Additive Manufacturing (AM) and 3D printing technologies lead their way to the next generation of the all-solid-state energy storage. From 2013 to 2018 the worldwide revenues from AM / 3D printing increased from $3B to $12B, and will exceed $21B by 2020. Development of the AM / 3D manufacturing for all-solid-state batteries (ASSBs) will result in reduced manufacturing time and lower $/KWh cost. The companies equipped with this flexible manufacturing technology may obtain a competitive advantage over those using more expensive approaches. The AM / 3D technology opens new opportunities in terms of battery production paradigm and manufacturing capabilities. AM / 3D manufacturing will substantially reduce lead times, allow new designs to have shorter time to the battery market, and will permit customer demands to meet more quickly. The goals of this project are: 1. Develop and demonstrate the feasibility to fabricate batteries using AM / 3D processes as a game-changing technology, 2. Design and deliver a functional battery product, and 3. Demonstrate unique AM / 3D integration, processing, and packaging concepts to prove economic feasibility, reliability, and provide low $/KWh cost.
Project 4: Using Quantum Chemical Methods to Aid Materials Design
Lead PI / Presenter: Dr. Bess Vlaisavljevich (University of South Dakota)
High-performance computing and predictive computational modelling of a ceramics, glass-ceramics, and metal organic frameworks (MOFs) is essential for materials design to streamline their improvement and discovery for all-solid-state energy storage. In close collaboration with experiment, computational models provide molecular-level insights into the electronic structure, reactivity, and stability of materials. Specifically, density functional theory and ab initio molecular dynamics simulations will be combined with experiment towards understanding the key physicochemical aspects controlling energy transfer within phases and at interfaces. The team has expertise in multiconfigurational electronic structure theory and classical simulations, if the need to use these tools arises. The objectives of this project are to: 1) Provide computational guidance in materials discovery for the benefit of CEPS industrial partners; 2) Rapidily identify new materials for all-solid-state energy technologies; and 3) Elucidate structure-property relationships that can only be understood by a combined experiment-theory approach (e.g.the nature of lithum transfer at an interface or the adsorption of guest molecules in a MOFs).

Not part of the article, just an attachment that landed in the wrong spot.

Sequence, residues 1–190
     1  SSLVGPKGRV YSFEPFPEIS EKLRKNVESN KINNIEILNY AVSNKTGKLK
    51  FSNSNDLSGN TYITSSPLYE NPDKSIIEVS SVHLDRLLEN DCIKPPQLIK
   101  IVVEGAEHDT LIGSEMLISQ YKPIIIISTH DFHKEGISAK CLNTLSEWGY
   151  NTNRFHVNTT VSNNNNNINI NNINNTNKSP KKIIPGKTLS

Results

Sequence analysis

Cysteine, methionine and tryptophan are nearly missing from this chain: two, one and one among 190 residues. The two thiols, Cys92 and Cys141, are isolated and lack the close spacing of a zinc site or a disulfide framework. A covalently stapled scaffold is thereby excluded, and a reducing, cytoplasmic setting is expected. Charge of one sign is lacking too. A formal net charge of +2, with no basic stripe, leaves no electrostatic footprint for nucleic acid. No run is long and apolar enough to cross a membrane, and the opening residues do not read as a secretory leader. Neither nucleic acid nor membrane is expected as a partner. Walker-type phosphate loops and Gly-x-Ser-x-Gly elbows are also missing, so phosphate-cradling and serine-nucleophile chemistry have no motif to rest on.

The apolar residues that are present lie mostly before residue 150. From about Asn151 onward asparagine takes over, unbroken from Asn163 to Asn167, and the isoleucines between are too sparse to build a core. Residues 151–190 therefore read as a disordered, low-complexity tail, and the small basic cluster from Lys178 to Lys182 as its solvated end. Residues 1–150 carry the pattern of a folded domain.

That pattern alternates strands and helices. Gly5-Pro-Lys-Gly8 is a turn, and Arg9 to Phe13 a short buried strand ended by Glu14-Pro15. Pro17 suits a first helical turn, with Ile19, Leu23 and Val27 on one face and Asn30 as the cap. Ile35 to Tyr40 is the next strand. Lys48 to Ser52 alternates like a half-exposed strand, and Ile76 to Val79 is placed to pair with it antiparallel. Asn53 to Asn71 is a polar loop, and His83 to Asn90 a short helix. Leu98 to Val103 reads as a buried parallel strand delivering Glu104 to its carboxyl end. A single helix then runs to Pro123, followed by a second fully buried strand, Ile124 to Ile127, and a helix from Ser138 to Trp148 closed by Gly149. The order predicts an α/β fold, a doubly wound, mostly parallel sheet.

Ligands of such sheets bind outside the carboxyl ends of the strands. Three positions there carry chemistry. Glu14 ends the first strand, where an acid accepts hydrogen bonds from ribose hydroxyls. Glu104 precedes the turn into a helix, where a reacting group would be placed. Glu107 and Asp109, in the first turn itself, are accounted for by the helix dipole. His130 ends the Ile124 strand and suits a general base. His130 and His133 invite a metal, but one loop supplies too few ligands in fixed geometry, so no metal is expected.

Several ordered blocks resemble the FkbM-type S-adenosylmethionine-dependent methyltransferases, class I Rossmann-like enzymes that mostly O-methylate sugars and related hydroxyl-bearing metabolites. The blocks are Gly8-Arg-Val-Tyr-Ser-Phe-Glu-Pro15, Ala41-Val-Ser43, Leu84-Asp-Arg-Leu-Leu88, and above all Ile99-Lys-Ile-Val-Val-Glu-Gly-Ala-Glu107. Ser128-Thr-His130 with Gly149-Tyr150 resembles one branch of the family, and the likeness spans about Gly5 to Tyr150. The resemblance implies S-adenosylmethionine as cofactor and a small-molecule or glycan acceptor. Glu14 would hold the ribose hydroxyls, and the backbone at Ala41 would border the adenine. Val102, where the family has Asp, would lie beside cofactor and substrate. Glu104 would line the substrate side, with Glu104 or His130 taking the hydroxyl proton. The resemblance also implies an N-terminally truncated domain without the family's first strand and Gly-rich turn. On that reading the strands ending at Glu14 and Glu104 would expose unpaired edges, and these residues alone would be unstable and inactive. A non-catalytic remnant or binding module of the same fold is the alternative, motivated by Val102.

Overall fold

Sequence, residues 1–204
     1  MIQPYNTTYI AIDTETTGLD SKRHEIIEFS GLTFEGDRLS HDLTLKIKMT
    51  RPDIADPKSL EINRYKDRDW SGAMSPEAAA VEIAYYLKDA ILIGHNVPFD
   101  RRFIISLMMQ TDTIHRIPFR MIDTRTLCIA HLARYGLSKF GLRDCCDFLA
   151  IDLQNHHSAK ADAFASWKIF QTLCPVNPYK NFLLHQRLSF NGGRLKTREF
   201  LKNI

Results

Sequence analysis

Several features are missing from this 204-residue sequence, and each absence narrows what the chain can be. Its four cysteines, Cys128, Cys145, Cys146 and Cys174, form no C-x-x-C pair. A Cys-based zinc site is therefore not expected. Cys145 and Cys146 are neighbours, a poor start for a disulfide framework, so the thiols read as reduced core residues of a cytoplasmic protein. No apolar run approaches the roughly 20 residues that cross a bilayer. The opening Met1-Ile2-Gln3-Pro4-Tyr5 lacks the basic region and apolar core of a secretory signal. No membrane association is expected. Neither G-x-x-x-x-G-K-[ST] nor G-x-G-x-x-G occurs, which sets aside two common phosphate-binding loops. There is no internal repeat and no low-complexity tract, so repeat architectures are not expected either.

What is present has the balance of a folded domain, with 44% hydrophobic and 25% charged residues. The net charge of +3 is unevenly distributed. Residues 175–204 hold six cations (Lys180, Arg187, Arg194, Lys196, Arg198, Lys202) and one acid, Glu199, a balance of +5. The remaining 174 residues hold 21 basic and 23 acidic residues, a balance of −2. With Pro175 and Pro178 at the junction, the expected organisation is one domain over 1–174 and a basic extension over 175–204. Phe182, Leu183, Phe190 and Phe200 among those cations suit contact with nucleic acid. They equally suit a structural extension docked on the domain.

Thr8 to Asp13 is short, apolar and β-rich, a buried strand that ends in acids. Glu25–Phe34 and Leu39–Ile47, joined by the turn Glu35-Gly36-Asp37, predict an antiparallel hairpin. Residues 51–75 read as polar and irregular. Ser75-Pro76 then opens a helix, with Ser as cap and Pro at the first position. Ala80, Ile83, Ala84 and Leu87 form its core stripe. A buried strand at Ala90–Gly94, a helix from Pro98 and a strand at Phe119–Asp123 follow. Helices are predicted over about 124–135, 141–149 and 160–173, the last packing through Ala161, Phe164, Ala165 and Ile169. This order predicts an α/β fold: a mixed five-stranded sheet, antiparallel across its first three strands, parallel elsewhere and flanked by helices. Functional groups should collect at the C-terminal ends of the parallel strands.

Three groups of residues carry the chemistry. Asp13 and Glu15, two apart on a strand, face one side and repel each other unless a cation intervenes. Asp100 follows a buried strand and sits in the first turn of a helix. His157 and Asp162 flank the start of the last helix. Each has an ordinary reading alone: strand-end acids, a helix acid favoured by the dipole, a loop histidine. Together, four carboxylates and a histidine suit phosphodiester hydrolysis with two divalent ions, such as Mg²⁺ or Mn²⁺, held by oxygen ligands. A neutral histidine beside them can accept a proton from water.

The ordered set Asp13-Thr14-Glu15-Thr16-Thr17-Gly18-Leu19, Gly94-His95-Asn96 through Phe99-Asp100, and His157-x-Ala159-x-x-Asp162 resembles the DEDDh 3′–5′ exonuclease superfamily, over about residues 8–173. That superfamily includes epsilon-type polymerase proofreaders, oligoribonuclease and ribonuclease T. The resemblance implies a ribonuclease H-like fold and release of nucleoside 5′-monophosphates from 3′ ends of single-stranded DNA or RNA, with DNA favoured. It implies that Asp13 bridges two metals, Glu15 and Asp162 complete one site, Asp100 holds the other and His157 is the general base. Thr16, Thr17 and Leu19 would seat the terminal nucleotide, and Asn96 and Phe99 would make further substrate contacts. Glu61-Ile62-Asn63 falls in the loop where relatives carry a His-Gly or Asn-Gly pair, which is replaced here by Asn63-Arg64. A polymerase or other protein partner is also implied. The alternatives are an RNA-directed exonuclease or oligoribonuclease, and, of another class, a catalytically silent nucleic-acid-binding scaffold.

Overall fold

Project 5: Grid-Compatible Power Electronics Converters for Wind and Photovoltaic Solar Systems
Lead PI / Presenter: Malek Ramezani (South Dakota School of Mines and Technology)
Renewable energy contribution to the global energy consumption experiences a projected steady growth of 30% until 2023 with 70% growth of solar and wind power generation. However, the conventional power grids are not designed for adopting such intermittent resources. High penetration of renewables necessitates their contribution and service to the grid at abnormal and critical conditions such as voltage sag, frequency sag, fault, etc. This project involves: 1) Study and analysis of local, national and international grid code requirements and critical services which shall be provided to the grid in order to facilitate the integration of residential and utility-scale solar and wind energy systems; 2) Development of the control and synchronization mechanisms for the interfacing power electronic converters to provide the required grid services in a plug-n’-play fashion to advance current practices; 3) Integration of the required hardware and standard tests to verify the developed concepts and practices.